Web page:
Posts Tagged: Bill Frost
McDougald was director of the Business Operations Center at the UC Kearney Agricultural Research and Extension Center in Parlier. Before joining UC ANR, she worked for UC Davis School of Veterinary Medicine for nine years. Over the 26 years she worked for UC ANR, McDougald built a reputation for deftly navigating UC policies to help county-based UC Cooperative Extension employees get things done properly and efficiently.
“A veteran of many ANR organizational re-engineering and structural reorganizations, Cherie is my go-to person on the Administrative Review Council, working through complex business operations issues and implementing solutions,” said Tu Tran, UC ANR associate vice president for business operations.
Frost joined UC ANR in 1994 as a UC Cooperative Extension advisor in natural resources working in El Dorado, Amador and Calaveras counties, where he applied his expertise to issues relating to agriculture or natural resources in the central Sierra Nevada.
“He made major contributions in establishing Agricultural Districts in the County Land Use Plan for El Dorado County,” said Leisz, who worked with him on county issues. “That required we review all of the soils and develop criteria for suitability for commercial agriculture. We examined areas thought to be suitable and produced the guidelines for classification. Thousands of acres were identified and accepted by the County. There were challenges but the selection criteria and mapping were accepted and are in place today. Bill was a leader in that effort.”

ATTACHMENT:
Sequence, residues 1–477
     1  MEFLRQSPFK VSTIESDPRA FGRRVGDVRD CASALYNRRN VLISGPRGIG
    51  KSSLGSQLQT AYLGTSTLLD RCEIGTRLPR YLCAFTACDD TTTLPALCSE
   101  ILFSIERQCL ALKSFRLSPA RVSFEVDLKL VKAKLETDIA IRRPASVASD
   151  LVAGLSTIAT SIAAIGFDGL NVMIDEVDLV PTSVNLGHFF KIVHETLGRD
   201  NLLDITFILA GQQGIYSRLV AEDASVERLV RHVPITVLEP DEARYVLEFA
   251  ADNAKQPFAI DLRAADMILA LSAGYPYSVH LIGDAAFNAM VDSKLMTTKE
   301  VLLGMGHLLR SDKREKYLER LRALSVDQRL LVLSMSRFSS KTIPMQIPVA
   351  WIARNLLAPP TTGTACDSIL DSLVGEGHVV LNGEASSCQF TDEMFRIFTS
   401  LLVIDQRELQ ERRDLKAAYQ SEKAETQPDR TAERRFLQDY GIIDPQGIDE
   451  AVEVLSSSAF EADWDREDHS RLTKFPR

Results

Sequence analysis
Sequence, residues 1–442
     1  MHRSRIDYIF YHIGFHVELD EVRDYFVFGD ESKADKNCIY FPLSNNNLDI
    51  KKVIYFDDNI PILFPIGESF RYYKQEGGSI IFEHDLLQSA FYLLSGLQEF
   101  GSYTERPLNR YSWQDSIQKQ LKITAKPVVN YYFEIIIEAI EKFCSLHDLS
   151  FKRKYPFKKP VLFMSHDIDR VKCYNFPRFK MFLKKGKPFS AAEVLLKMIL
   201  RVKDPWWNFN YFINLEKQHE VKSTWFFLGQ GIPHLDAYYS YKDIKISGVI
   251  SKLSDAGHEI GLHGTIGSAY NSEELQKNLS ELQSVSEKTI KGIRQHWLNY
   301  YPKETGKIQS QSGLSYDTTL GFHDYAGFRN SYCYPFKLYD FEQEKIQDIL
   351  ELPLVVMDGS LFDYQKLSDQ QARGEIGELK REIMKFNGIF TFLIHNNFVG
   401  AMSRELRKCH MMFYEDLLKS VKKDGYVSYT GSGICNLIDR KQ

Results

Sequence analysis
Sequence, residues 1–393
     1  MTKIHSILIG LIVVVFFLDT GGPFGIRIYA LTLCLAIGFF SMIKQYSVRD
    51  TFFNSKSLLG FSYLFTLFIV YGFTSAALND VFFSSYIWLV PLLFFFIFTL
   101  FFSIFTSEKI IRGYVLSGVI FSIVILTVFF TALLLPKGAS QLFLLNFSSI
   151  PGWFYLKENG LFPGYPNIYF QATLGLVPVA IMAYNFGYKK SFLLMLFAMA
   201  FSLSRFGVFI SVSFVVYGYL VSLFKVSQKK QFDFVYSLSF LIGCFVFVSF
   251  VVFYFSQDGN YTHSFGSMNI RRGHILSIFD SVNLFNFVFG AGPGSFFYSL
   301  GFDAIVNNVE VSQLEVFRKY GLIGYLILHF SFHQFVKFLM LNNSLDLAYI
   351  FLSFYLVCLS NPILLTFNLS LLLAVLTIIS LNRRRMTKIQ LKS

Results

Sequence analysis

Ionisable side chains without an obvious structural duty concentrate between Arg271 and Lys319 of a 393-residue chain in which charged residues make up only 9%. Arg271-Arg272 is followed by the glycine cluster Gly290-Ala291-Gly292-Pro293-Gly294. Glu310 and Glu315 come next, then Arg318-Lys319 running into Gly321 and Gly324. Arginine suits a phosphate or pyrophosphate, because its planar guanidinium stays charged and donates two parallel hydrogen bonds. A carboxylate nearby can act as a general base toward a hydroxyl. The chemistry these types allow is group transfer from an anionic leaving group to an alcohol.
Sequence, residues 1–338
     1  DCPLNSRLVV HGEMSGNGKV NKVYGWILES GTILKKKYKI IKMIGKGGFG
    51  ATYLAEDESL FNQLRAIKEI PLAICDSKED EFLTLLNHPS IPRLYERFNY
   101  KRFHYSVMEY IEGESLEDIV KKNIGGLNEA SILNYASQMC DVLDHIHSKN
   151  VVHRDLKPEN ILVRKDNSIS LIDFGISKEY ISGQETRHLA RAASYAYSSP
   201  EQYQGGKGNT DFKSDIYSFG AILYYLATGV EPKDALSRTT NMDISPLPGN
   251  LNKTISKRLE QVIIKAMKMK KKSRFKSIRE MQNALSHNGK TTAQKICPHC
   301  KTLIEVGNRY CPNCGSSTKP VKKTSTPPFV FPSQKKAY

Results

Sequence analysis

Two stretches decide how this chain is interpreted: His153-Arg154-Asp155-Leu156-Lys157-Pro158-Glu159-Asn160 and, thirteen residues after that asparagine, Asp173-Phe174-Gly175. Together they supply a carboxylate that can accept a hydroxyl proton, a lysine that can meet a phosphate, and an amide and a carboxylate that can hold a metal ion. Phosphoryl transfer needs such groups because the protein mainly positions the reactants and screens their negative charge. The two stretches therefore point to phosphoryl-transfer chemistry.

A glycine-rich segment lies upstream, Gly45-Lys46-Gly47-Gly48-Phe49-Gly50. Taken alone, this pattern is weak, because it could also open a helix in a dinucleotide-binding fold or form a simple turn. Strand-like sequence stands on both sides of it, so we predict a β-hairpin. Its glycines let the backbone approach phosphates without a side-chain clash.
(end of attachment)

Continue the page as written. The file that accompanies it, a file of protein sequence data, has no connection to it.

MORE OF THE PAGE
Through his research and work with ranchers, Frost improved rangeland management and resource monitoring on the watersheds of the East Bay Municipal Utilities District lands, National Forest System lands, as well as on many private ranches.
“Bill authored a number of the agricultural elements for the General Plan, appeared before the Board of Supervisors and became a respected leader in both agriculture and natural resource elements in the General Plan,” Leisz said. “He provided guidance for the future and always acted in a professional way.”
In leadership positions for UC ANR, Frost also provided guidance for the future. He has served in 10 different roles for UC Agriculture and Natural Resources over his 22 years.
Frost earned his doctorate in range management from the University of Arizona and bachelor's and master's degrees in range science from UC Davis. Before joining the University of California, he was a University of Arizona Cooperative Extension agent and director in Gila County from 1991 to 1994. Prior to moving to Arizona, he worked for the California Agricultural Technology Institute at California State University, Fresno, as a postdoctoral research fellow, research associate and a rangeland resources specialist and director of the San Joaquin Experimental Range.
“It's the personal connections that are the strength of Cooperative Extension, I think, the relationships that we form over time and continue to nurture our programs,” Frost said. “I couldn't have done the things I've accomplished without the support of a lot of people.”